Port of Nevada near Fernley ‘huge opportunity’ for area

The Port of Nevada alleviates shipping delays along Interstate 80 and allows more goods to flow into Northern Nevada from the Port of Oakland, says Justin Lichter, vice president of Industrial Realty Group of Los Angeles.

The Port of Nevada alleviates shipping delays along Interstate 80 and allows more goods to flow into Northern Nevada from the Port of Oakland, says Justin Lichter, vice president of Industrial Realty Group of Los Angeles.

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The developer of the Port of Nevada says the inland port east of Fernley not only alleviates routine shipping delays along Interstate 80 but also allows substantially more goods to flow into Northern Nevada from the Port of Oakland.

Justin Lichter, vice president of Industrial Realty Group of Los Angeles, told NNBW last week that the Port of Nevada accepted its first intermodal shipments in May from the Port of Oakland, the nation’s ninth-busiest seaport. The Port of Nevada lies between Fernley and Hazen and straddles Churchill and Lyon counties.

“Interstate 80 is not a smooth drive,” Lichter said. “There’s traffic in the Bay Area and Sacramento Valley, and there’s also the potential for road construction in the summer. Winters can be a nightmare with chain controls, snow and road closures. That brings a lot of time and uncertainty in transportation costs.

“Rail service takes truck traffic off the road and eliminates some of the challenges associated with traveling over Donner Pass in the winter or during road construction in the summer,” Lichter added. “It creates supply chain efficiencies, and it’s a lot more environmentally friendly to go on rail than by truck.”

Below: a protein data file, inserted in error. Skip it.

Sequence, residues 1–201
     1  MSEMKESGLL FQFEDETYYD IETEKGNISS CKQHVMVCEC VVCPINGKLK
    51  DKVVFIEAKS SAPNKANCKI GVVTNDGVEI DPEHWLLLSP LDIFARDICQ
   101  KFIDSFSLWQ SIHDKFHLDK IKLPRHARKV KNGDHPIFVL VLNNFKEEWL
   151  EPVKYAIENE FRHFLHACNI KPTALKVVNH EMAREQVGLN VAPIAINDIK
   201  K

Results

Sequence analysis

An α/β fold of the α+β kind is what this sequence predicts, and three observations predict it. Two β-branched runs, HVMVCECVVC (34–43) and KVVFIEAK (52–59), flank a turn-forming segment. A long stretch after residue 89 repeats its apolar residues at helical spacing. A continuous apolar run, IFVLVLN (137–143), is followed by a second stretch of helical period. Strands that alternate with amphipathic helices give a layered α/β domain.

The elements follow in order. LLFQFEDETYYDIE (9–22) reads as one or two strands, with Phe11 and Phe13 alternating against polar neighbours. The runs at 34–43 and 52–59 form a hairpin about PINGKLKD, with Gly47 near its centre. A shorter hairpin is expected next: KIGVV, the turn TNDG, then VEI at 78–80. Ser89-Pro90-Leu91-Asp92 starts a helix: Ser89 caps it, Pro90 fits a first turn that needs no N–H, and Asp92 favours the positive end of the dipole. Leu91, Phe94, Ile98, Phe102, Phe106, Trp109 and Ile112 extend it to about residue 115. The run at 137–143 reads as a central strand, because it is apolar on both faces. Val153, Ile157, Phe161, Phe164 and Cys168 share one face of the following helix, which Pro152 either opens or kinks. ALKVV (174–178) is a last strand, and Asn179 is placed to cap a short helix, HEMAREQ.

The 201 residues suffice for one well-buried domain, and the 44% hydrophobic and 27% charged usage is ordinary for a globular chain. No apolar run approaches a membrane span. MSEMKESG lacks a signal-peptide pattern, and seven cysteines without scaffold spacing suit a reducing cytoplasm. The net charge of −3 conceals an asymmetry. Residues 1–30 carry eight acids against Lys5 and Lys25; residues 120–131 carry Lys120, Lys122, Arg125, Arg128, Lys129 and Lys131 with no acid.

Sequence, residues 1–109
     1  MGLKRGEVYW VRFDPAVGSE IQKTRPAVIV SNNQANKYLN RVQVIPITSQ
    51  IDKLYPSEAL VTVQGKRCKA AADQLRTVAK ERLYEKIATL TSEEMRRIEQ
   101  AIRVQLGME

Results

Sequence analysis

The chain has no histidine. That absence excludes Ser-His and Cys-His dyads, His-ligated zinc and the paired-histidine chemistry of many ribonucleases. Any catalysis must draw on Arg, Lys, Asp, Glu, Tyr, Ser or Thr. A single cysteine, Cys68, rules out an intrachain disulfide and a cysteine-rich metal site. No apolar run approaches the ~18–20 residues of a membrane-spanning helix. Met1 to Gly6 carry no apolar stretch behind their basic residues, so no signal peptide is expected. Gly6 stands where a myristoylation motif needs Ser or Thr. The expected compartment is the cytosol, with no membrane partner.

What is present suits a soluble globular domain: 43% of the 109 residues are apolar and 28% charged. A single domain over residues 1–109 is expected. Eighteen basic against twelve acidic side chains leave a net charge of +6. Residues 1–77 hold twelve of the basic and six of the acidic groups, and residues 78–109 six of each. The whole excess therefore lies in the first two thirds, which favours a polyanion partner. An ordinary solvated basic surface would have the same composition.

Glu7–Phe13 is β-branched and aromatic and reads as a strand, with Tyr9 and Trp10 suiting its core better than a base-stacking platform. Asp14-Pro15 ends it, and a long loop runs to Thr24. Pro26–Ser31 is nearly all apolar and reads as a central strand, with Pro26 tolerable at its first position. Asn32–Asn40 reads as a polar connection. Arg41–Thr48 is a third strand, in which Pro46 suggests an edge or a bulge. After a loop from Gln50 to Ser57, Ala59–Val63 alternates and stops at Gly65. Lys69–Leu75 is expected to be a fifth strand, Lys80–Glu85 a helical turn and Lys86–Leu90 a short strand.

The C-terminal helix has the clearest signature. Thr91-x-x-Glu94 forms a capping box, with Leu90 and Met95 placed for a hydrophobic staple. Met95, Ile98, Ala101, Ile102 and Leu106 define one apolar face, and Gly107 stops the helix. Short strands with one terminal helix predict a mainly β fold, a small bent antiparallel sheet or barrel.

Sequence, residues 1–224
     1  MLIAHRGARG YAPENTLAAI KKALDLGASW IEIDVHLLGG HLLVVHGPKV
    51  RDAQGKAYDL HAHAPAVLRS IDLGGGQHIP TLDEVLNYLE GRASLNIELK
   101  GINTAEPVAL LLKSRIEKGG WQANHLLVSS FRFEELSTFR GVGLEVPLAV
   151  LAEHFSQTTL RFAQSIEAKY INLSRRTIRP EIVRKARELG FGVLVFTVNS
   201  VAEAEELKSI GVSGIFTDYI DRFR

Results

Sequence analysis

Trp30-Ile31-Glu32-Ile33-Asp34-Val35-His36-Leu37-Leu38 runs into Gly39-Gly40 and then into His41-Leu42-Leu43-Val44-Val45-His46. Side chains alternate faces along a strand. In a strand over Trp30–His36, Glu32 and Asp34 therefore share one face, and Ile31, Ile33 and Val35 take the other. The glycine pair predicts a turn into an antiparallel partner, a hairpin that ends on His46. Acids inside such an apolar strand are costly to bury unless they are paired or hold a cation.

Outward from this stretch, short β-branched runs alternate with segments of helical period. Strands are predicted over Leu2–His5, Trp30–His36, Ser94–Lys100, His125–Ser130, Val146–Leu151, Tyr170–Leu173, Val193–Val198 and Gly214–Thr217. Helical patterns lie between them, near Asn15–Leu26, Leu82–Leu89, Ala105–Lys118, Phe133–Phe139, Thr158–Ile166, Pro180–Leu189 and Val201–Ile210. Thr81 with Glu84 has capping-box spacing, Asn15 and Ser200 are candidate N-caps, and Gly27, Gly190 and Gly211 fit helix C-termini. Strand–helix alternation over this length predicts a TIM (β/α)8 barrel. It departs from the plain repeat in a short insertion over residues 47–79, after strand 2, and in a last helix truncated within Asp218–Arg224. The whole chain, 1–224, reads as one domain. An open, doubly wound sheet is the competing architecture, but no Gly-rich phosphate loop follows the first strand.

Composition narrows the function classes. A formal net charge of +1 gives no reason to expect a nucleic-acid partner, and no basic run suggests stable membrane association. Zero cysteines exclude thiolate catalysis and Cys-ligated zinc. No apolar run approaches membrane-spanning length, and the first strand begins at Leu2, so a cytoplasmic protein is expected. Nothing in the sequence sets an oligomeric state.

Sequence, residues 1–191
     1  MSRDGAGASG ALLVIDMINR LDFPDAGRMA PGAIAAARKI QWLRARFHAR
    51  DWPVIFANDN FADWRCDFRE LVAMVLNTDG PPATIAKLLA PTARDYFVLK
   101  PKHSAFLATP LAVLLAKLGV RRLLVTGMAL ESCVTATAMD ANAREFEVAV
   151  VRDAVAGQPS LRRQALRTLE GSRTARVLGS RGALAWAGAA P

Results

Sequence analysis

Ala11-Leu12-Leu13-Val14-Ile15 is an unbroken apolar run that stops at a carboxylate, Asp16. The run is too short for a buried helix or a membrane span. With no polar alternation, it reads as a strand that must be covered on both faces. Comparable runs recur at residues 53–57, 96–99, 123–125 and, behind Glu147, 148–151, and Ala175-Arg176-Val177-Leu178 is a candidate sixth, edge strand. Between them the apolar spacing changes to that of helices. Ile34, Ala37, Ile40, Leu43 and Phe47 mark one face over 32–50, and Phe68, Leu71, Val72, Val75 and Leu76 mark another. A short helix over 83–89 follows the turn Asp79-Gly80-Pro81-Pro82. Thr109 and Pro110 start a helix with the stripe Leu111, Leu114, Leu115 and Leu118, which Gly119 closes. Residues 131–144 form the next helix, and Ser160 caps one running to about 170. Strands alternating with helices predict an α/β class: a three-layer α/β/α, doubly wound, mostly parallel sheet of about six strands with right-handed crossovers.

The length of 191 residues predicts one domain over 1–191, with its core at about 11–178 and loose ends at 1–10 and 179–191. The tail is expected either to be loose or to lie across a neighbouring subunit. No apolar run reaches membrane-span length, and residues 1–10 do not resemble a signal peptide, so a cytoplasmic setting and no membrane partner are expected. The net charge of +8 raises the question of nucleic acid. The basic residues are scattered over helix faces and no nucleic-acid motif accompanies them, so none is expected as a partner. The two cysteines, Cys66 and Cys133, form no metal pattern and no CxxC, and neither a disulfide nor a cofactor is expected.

Instead of 20-foot and 40-foot shipping containers being loaded onto trucks and hauled over the Sierra to Northern Nevada, they now can be loaded onto rail and offloaded directly at the Port of Nevada, Lichter said. In addition to being a more reliable transportation method, rail cars can accommodate a greater volume of freight since they don’t have to deal with over-the-road weight restrictions, Lichter added.

“Containers can get loaded to 60,000 pounds each, so for each rail car you can get two containers,” he said. “You can load heavier and get more product inside your container.”

The increased freight volume, lower transportation costs, and greater certainty in timely delivery — trains aren’t impacted by highway closures and continue operating during severe Sierra snow storms — could very well be the deciding factors that tip the scales in favor of companies selecting Northern Nevada versus competing markets such as Phoenix or Salt Lake City, Lichter noted.

IRG began developing the Port of Nevada about four years ago, Lichter said. The site was dual-served by both Union Pacific and BNSF from a switch off the main rail line, and Industrial Realty Group completed two substantial track expansions to improve the flow of shipping containers coming in and out of the Port of Nevada.